What are Medical technologies?

Currently, billions of patients worldwide depend on medical technology, at home, at the doctor’s office, in the hospital and in nursing homes. This sector is set to expand even further as the average life expectancy has steadily increased in the three biggest markets, the United States, Europe and Japan. Medical devices range from simple consumables such as bandages to electrically active implantable products such as artificial hearts. Cardiovascular stents, orthopaedics knees, wheelchairs, contact lenses, to medical software used to record patient data. Eucomed estimates that there are more than half a million different product groups on the market in Europe.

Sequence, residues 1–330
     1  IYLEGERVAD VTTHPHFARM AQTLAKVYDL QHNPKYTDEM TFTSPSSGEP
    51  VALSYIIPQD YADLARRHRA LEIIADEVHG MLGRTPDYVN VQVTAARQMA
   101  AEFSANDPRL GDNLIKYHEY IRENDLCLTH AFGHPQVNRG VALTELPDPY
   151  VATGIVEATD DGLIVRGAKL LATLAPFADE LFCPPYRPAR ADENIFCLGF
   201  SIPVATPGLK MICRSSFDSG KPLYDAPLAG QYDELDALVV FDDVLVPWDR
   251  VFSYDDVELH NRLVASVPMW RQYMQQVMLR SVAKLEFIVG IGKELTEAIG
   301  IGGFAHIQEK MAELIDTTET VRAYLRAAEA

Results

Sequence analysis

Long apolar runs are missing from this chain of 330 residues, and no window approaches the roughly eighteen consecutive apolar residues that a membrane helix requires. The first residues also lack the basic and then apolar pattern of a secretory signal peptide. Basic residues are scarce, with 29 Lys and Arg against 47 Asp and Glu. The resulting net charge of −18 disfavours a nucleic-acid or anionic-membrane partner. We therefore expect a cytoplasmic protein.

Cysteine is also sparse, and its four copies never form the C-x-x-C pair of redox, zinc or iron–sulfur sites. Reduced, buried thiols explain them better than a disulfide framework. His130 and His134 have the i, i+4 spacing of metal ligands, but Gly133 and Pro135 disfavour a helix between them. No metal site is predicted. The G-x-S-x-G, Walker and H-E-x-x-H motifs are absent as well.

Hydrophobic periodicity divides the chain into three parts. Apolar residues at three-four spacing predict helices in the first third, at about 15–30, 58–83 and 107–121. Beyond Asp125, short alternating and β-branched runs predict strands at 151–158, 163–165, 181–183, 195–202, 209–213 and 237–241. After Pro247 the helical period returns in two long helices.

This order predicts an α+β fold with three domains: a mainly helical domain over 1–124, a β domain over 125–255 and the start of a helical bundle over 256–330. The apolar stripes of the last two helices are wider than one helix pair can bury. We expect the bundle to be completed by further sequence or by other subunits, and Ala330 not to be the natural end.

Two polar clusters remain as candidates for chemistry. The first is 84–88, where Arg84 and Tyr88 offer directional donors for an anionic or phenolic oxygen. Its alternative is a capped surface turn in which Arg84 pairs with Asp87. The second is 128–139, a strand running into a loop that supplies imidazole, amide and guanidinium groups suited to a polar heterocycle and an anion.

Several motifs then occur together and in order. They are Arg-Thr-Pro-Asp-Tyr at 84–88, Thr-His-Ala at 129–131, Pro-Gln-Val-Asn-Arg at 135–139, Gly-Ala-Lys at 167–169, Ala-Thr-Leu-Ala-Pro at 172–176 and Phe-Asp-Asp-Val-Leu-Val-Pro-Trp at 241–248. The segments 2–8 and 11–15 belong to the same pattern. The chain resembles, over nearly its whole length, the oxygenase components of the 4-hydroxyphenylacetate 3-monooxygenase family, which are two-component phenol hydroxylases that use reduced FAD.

How are medical technologies regulated?

All devices must adhere to stringent regulations depending on the degree of inherent risk. In Europe, there are there four general categories for distinguishing increasingly active and invasive devices; Class I, II, IIa and III. The onus is on the manufacturer, along with their chosen notified body, to agree on the classification level for their product and then to ensure it meets European standards. Manufactures or their representatives are also expected to execute a post-market surveillance system to act as a final safety measure and to report any adverse incidents directly to the local government controlled Competent Authority. The Competent Authority in Ireland is the Health Products Regulatory Authority.
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